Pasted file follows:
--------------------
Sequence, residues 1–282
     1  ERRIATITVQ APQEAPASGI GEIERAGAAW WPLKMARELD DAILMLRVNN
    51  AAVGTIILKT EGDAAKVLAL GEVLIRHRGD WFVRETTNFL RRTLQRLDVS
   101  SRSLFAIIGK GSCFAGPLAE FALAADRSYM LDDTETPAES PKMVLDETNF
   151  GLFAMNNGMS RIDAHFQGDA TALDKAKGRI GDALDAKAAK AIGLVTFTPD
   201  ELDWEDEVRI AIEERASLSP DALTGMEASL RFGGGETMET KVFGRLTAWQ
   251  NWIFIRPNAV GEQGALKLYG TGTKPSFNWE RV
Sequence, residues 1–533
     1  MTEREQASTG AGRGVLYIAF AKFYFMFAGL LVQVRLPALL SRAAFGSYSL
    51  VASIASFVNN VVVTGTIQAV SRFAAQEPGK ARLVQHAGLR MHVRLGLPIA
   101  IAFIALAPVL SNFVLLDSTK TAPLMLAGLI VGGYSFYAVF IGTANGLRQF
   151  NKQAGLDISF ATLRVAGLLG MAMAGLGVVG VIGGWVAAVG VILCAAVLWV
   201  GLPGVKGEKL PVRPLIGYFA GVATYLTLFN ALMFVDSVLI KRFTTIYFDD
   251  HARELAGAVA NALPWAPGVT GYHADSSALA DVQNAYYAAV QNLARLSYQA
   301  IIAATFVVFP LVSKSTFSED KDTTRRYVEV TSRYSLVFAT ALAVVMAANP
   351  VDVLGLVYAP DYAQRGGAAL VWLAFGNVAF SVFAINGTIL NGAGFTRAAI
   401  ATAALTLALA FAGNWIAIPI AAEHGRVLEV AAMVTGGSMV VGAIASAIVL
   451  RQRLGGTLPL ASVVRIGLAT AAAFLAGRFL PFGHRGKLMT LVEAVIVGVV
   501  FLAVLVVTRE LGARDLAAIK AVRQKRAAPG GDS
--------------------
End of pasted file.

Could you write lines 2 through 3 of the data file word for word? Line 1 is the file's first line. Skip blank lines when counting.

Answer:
     1  ERRIATITVQ APQEAPASGI GEIERAGAAW WPLKMARELD DAILMLRVNN
    51  AAVGTIILKT EGDAAKVLAL GEVLIRHRGD WFVRETTNFL RRTLQRLDVS